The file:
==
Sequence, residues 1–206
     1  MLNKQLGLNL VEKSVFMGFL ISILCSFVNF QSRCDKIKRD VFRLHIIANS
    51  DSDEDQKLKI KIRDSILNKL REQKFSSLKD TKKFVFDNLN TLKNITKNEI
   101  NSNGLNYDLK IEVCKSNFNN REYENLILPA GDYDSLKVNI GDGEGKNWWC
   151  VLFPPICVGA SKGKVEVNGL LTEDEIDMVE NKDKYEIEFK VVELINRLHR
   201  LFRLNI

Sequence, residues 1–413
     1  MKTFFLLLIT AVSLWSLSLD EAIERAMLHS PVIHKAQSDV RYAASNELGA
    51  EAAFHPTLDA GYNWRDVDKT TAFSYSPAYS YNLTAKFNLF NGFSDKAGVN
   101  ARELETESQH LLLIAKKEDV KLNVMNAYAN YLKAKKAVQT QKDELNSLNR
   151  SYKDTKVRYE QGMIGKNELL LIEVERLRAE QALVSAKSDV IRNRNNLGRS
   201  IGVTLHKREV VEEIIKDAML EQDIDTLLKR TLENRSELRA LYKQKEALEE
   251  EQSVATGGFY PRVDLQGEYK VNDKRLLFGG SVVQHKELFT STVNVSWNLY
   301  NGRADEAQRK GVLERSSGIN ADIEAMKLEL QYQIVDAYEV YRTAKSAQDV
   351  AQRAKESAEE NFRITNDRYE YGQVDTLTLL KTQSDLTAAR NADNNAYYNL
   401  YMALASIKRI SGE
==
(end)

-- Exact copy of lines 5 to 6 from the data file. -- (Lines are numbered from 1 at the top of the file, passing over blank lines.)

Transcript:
   151  VLFPPICVGA SKGKVEVNGL LTEDEIDMVE NKDKYEIEFK VVELINRLHR
   201  LFRLNI